WASHINGTON — The Republican-led Congress signaled Wednesday that they won’t put foreign policy issues on the back burner despite cautions from President Barack Obama against interfering with ongoing negotiations over Iran’s nuclear program.

WASHINGTON — The Republican-led Congress signaled Wednesday that they won’t put foreign policy issues on the back burner despite cautions from President Barack Obama against interfering with ongoing negotiations over Iran’s nuclear program.


House Speaker John Boehner said Wednesday that Israeli Prime Minister Benjamin Netanyahu will address a joint meeting of Congress next month to discuss the threats from Iran and radical Islam. The invitation was extended without informing the White House.


Israel has long voiced concerns over Iran’s nuclear weapons ambitions and Netanyahu has been suspicious of any nuclear deal in the works, warning that it could pose a security threat to Israel.


Sen. Tom Cotton, R-Ark., is also skeptical of the ongoing negotiations and instead favors imposing new and tougher sanctions against Iran to force them to abandon all its nuclear programs.


Obama, however, issued a veto threat against such sanctions as part of his State of the Union Address.


"New sanctions passed by this Congress, at this moment in time, will all but guarantee that diplomacy fails — alienating America from its allies; making it harder to ensure sanctions, and ensuring that Iran starts up its nuclear program again," Obama said.


Cotton said Wednesday that the veto threat underscores his concern that the negotiations would leave Iran poised to possess nuclear weapons in the not too distant future.


"This veto threat confirms that President Obama doesn’t want to hold Iran’s feet to the fire and once again proves these negotiations are a farce," Cotton said. "I welcome Prime Minister Netanyahu’s remarks on this topic and look forward to hearing more of his perspective."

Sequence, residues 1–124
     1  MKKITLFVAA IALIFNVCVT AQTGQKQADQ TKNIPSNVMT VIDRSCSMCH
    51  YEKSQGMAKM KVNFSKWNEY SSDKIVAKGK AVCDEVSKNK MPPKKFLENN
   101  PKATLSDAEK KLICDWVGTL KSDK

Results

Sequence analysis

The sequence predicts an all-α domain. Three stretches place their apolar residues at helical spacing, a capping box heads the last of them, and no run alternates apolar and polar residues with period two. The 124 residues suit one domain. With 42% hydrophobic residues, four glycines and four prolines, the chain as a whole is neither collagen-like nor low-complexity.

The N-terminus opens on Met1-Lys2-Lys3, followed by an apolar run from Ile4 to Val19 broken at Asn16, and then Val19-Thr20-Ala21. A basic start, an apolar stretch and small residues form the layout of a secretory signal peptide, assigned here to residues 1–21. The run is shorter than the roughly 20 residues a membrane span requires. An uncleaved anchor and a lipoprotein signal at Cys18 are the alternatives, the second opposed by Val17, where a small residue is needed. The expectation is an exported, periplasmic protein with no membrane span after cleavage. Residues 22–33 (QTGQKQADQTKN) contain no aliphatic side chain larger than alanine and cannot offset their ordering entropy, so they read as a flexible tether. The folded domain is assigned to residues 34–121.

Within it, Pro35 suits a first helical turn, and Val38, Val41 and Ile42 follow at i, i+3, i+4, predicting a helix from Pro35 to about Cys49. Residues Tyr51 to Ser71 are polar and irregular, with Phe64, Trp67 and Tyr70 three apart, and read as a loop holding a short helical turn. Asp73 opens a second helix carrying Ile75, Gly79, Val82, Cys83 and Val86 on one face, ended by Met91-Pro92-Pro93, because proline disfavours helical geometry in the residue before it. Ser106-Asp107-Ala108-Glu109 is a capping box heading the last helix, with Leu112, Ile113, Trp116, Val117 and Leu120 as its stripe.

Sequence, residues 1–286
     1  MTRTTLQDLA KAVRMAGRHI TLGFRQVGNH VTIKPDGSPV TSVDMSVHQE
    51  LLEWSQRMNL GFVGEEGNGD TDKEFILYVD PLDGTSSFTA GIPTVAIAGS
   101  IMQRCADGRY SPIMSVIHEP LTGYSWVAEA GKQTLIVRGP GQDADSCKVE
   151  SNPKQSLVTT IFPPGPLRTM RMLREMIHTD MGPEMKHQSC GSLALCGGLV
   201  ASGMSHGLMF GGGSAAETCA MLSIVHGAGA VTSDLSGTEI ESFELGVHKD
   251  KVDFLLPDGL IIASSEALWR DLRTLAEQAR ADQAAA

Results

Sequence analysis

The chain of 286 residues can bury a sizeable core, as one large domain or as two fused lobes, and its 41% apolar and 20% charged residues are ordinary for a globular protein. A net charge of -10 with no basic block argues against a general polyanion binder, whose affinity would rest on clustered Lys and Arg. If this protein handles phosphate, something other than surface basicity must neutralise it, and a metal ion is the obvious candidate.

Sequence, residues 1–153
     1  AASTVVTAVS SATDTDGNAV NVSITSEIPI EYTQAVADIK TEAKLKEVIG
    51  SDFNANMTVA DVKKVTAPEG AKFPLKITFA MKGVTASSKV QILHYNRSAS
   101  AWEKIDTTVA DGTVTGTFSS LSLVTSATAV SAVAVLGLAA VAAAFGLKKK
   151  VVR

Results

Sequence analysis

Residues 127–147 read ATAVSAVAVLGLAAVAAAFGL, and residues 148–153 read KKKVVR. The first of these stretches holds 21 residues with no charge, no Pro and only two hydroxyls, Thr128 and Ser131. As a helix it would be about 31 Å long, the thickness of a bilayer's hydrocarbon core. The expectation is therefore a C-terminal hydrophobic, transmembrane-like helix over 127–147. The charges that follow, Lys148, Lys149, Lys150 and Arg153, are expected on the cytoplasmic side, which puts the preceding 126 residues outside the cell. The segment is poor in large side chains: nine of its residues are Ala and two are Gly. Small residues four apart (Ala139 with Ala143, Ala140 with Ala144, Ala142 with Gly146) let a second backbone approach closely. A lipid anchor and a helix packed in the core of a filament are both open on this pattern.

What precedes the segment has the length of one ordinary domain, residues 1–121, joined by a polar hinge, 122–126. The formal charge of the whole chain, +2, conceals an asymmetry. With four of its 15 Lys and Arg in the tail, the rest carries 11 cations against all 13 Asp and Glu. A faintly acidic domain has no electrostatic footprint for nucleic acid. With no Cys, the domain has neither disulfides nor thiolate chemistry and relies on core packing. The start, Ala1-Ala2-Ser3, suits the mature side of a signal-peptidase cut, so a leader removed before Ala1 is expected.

Boehner denied Wednesday that the Netanyahu invitation was meant as a "poke in the eye" to Obama.


"I don’t believe I’m poking anyone in the eye. There is a serious threat that exists in the world, and the president last night kind of papered over it," he said.


In November 2013, Iran signed an agreement with the five permanent members of the United Nations Security Council, and Germany, that temporarily stopped or rolled back its production of potentially weapons grade nuclear material. In exchange, some economic sanctions against Iran were eased. The deal was extended last November for four more months as the parties continued to negotiate a permanent agreement.


In a recent speech at the Heritage Foundation, Cotton said that stopping the current negotiations would be in the best interest of the United States.


"What started as an unwise policy has now descended into a dangerous farce," Cotton said. "One can only suspect an unspoken entente between the Obama administration and Iran: The U.S. won’t impose new sanctions on Iran and we will allow it to build threshold nuclear capabilities while Iran won’t assemble a bomb until 2017."


In his address Tuesday, President Obama defended the diplomatic effort with Iran.


"Our diplomacy is at work with respect to Iran, where, for the first time in a decade, we’ve halted the progress of its nuclear program and reduced its stockpile of nuclear material," he said. "Between now and this spring, we have a chance to negotiate a comprehensive agreement that prevents a nuclear-armed Iran; secures America and our allies — including Israel; while avoiding yet another Middle East conflict."


Not all Democrats are on board with Obama’s Iran policy.


The ranking Democrat of the Senate Foreign Relations Committee expressed strong concerns with the progress of the negotiations at a hearing Wednesday.


"The more I hear from the administration and quotes. The more it sounds like talking points coming out of Tehran. And it heeds to the Iranian narrative of victimhood, when they are the ones with original sin: an illicit nuclear weapons program over the course of 20 years that they are unwilling to come clean on," said Sen. Robert Menendez, D-N.J.